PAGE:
Condo living has its own drawbacks. No one can deny that. However, no other housing option offers the same convenience as a condominium. Shared spaces like on-site fitness centers, clubhouses, spas and swimming pools along with maintenance, repairs, security and concierge services are all managed by an HOA in exchange for a fee that each condo owner must pay. Since condo HOA fees can be substantial, our first piece of advice to anyone who wants to buy a condo is to consider the following three points before committing to a mortgage.
- There is no real cap on HOA fees. While there are plenty of condos with affordable HOA dues, no one can tell how much the fees will go up, as there is generally no limit on how high an HOA can raise its annual dues. The fees are calculated based on an estimated yearly budget the HOA needs in order to cover different expenses like general maintenance, repairs, improvements, insurance, security services, etc. An HOA also collects money for a reserve fund, which is typically used to cover major unexpected costs such as repairing the clubhouse roof, resealing the pool, replacing a piece of equipment in the gym, and the like. Because the costs are always on the rise due to inflation, most HOAs increase their fees on an annual basis. However, some states limit the increase of HOA fees. There also are situations in which CC&Rs indicate exactly how much an HOA can increase its dues and assessments in a year. On the downside, improper funding of reserves can prevent an HOA from properly maintaining a condominium. This will eventually lead to problems that can negatively impact the market value of all the condo units in that housing development.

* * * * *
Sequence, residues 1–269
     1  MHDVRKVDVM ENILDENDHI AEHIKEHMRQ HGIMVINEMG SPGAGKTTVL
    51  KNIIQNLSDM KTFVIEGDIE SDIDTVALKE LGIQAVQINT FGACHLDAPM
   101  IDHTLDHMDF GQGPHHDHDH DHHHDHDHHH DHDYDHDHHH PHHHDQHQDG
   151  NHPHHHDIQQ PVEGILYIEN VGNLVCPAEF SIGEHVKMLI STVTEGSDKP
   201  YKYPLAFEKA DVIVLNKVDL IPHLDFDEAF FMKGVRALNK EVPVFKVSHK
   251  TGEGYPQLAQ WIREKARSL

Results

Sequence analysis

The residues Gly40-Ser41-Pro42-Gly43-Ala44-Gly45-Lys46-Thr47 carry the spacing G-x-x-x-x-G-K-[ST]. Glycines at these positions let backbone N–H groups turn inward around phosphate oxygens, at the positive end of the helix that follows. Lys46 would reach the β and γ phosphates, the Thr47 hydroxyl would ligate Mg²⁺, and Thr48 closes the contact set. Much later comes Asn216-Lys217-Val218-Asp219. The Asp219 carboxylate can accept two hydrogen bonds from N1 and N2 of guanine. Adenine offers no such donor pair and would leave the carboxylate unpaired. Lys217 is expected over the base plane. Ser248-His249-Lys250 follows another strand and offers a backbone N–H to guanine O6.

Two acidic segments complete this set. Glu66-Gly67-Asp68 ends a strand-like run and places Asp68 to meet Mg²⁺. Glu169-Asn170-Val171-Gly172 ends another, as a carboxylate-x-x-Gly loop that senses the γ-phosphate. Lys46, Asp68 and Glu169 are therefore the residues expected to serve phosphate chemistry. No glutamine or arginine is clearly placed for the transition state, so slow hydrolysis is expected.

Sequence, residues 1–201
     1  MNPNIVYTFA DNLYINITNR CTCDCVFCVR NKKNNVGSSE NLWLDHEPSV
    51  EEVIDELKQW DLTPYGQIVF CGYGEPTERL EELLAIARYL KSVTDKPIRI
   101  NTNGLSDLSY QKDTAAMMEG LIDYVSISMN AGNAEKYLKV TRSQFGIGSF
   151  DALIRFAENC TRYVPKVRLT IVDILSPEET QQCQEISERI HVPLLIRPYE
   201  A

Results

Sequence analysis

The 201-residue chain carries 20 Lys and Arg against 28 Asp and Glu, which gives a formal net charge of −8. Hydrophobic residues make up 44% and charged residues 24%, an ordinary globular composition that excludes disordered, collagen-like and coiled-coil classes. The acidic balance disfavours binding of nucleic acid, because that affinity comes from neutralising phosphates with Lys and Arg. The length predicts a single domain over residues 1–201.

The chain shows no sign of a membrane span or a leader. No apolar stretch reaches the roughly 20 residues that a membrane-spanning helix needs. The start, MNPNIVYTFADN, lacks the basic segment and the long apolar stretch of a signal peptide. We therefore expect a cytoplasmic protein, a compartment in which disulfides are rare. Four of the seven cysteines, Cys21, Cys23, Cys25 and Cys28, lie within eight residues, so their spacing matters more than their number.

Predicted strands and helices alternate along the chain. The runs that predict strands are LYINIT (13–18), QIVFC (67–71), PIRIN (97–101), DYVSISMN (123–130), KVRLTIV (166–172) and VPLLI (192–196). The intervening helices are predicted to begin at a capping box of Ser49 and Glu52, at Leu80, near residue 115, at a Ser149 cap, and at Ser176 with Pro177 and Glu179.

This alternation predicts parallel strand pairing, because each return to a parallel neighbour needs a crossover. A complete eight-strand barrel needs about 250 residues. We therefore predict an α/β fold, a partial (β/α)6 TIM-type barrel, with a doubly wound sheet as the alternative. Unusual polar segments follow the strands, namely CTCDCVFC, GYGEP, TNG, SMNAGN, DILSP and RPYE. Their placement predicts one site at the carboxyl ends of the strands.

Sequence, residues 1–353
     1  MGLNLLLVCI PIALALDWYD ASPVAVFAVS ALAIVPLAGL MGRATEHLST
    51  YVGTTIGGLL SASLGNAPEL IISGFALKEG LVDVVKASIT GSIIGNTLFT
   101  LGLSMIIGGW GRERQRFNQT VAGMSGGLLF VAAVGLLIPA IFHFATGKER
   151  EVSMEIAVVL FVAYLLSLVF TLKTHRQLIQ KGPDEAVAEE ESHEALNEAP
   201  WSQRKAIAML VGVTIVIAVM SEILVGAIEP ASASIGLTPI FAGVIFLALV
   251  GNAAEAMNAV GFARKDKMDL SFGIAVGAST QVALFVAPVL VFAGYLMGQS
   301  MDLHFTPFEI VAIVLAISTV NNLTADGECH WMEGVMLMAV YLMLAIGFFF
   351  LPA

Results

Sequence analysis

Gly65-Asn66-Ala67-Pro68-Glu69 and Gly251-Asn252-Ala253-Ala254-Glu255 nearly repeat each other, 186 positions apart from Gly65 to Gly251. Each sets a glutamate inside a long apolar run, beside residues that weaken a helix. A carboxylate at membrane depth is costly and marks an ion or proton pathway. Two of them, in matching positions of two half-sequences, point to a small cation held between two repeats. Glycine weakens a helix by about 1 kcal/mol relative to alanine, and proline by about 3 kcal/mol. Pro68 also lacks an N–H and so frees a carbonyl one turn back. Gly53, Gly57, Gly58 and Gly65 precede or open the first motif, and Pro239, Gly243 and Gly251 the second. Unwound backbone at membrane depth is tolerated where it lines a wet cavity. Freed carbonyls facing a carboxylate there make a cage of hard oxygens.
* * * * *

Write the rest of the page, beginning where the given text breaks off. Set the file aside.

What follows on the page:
- Condo HOA dues are higher for bigger spaces – Most HOAs apportion dues according to square footage. Consequently, getting a smaller unit means paying less in fees. In addition, smaller condominiums usually have fewer things to take care of. In some situations, condo owners can also help out with different tasks like lawn maintenance, hallway cleaning, and even small repairs. All these will result in smaller HOA fees for each condo owner. As well, smaller HOAs keep minimal reserves or have no reserve funds, members typically paying special assessments out of pocket when required. Unfortunately, that isn’t applicable to larger housing developments overseen by third-party property management companies. In this case, all the costs associated with running the property complex are included in the HOA fees.
- Not all condo HOA fees are deductible – Depending on where the building is located, how old it is and the amenities it provides, condo HOA fees can add up to nearly one thousand dollars a month. This amount can make owning a condo more expensive than owning a comparable single-family home. While homeowners can deduct certain personal housing-related costs like mortgage interest and property taxes, HOA dues paid on personal residence aren’t deductible.
While a focus on down payment, interest rate and loan term is completely understandable when taking out a mortgage to buy a piece of property, it’s important to consider the full cost of ownership, including the HOA dues, in order to make a truly informed decision.
Whether you’re at the stage of buying your first or second home, we can walk you through every step of the mortgage application process. Just give us a call today at (904)-389-4635 and our specially trained mortgage professionals will answer any questions you may have about the home financing and refinancing products we offer at North Florida Mortgage.